David Frier’s MV Agusta Sport is a guaranteed head turner. Not just because it is so clean and well prepared, but also because of the name on the tank and the rarity of the bike itself. MV Agusta occupy a very special place in the hearts of bikers the world over having captured everyone’s attention since the late fifties. The legendary racing name began making multi-cylinder road going motorcycles, the first released in 1965, to support their amazing run of success on the Grand Prix circuits. MV Agusta won their first premier class title in 1956, with John Surtees riding, and two years later, began a seventeen-year period of total dominance in the class. Between 1958 and 1973 MV’s took the title using a host of riders, a feat only stopped by the onslaught of big capacity two stokes 1974 although the MV race bikes still proved troublesome, the 350 triple taking its last GP win as late as 1976.
The 750 Sport was first seen At the Milan show in 1969 and was in full production by the early part of 1972. although highly rated in the new Superbike class the MV was held back considerable by its relatively high price tag, the basic S model had a UK list price of £2300 in 72. By comparison a Honda CB750 or the all–new Kawasaki Z1 could be had for a fraction of that amount making the MV well out of reach for all but the well heeled biker.
This 750 Sport was bought back in 1989 as a total basket case, David carried out all of the chassis restoration while MV guru, Dave Kay, refurbished the engine and gearbox. The Birmingham based Kay is able to repair, maintain, or even fabricate any component used in the Italian four cylinder engine, so much so that complete MV replicas are also constructed by him. The whole job took just over a year to complete to the top standard you see here. Since then the MV has seen regular use and is in no way a cosseted showpiece, shipped round from show to show for viewing pleasure only. Sharing garage space at David’s home is another MV, this time a 350 single, along with a Moto Guzzi Le Mans and his latest restoration project, a 1950 BSA Bantam. This MV Agusta Sport doesn’t have the ultra rare factory fairing option and if it did then riding on the roads would be risky as replacements are impossible to source.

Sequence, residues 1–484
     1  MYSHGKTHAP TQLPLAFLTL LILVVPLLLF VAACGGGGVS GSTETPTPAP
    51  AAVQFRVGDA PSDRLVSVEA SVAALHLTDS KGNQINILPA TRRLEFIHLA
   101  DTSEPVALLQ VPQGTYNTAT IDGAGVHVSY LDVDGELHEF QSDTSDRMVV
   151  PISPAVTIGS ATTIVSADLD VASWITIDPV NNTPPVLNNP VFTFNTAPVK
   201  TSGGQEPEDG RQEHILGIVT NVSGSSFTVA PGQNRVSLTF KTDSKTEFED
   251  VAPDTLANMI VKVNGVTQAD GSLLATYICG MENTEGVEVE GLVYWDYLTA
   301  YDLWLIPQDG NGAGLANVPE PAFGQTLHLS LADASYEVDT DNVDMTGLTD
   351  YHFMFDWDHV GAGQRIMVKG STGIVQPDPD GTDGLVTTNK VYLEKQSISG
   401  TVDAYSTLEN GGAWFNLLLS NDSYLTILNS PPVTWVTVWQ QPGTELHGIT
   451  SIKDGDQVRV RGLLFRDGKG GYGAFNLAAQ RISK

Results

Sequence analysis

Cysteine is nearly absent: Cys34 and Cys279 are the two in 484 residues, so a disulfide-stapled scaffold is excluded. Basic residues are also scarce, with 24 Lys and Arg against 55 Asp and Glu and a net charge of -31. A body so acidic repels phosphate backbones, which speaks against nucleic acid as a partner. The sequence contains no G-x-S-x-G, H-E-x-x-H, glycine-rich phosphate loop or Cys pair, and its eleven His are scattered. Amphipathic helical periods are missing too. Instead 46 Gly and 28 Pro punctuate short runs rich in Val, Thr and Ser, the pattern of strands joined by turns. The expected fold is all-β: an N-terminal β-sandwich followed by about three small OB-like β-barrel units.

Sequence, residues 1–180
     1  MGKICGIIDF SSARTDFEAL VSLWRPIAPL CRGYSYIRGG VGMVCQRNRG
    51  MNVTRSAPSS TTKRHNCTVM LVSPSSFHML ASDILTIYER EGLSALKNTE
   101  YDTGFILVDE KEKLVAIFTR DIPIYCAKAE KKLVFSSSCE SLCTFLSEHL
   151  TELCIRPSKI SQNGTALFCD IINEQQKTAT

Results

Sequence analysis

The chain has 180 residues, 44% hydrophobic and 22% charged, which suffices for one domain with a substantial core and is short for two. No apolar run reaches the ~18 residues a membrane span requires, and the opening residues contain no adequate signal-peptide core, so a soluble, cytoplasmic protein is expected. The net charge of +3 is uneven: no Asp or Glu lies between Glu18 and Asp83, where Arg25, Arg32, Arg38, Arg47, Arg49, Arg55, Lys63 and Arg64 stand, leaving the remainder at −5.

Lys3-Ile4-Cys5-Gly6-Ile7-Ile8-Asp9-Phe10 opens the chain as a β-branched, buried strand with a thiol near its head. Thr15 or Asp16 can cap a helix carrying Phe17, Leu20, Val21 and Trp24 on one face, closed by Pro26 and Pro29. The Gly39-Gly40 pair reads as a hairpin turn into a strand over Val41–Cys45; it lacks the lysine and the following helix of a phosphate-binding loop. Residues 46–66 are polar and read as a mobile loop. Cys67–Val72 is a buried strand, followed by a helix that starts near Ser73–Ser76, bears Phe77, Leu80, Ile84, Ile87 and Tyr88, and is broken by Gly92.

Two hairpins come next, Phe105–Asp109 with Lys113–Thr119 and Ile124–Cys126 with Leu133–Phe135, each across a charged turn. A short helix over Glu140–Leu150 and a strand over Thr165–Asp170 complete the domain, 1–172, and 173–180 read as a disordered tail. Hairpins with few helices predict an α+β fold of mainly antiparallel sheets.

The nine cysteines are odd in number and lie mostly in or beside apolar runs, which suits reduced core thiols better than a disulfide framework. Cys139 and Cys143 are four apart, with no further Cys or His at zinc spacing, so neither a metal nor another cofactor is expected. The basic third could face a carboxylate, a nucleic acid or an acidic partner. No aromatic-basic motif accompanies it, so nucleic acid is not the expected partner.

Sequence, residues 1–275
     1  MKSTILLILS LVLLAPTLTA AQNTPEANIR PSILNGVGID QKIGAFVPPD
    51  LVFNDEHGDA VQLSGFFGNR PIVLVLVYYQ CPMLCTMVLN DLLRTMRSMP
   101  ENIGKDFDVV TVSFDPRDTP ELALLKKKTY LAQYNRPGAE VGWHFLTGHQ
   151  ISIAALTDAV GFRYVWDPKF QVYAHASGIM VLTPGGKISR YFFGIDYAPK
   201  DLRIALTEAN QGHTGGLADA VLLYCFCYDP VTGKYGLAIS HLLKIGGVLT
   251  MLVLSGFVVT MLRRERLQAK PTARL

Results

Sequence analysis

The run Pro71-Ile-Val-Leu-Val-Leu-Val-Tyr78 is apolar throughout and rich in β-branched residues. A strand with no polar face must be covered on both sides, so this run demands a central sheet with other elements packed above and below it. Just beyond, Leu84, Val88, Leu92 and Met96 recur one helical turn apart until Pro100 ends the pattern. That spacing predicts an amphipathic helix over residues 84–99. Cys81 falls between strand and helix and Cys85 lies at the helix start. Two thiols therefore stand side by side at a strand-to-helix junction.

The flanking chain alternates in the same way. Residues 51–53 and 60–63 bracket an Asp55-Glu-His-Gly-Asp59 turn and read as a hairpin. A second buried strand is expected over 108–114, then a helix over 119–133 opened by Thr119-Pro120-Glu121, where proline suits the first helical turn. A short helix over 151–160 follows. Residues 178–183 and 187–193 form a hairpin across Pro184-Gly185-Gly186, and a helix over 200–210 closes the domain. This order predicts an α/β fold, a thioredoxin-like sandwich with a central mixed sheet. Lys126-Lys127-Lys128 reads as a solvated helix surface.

It does have all the rest of the classic MV adjournments however the shaft drive giving a silky smooth transmission while the open carbs and megaphone exhausts rattle windows all along its route. It was thought that t6he shaft drive was used to prevent people developing competitive race machinery that would challenge the factories own produce. The red tube chassis handles well while the rest of the cycles parts match the performance well. The only let down is the drum brakes that do take some time to leap into action so much thought has to be given to what is ahead at all times.
David has never been without a bike throughout his adult life, having started on two wheels when he was 15 with fifty years biking experience now under his belt and with plenty more to come. He regularly rides bikes from his collection and recently took part in the Morton’s Motorcycle Media Group sponsored, Lincolnshire Wolds Charity Run, on the MV Agusta Sport of course.
MV Agusta 750 Sport specifications;
Engine – 742.9cc, air cooled, gear driven DOHC, in-line-four
Bore & Stroke– 65mm x 56mm
Power – 65bhp @ 8500rpm
Transmission– 5-speed Shaft final drive
Carburation– 4 x Dell’Orto UB24B2
Chassis– Steel Duplex tube
Suspension– 36mm Ceriani telescopic forks, Twin shock rear
Brakes– 230mm Grimeca 4-leading-shoe drum
200mm Single-leading-shoe drum
Top Speed – 125mph
Weight – 230kg (505lb)
MV Agusta 750 Sport Restoration
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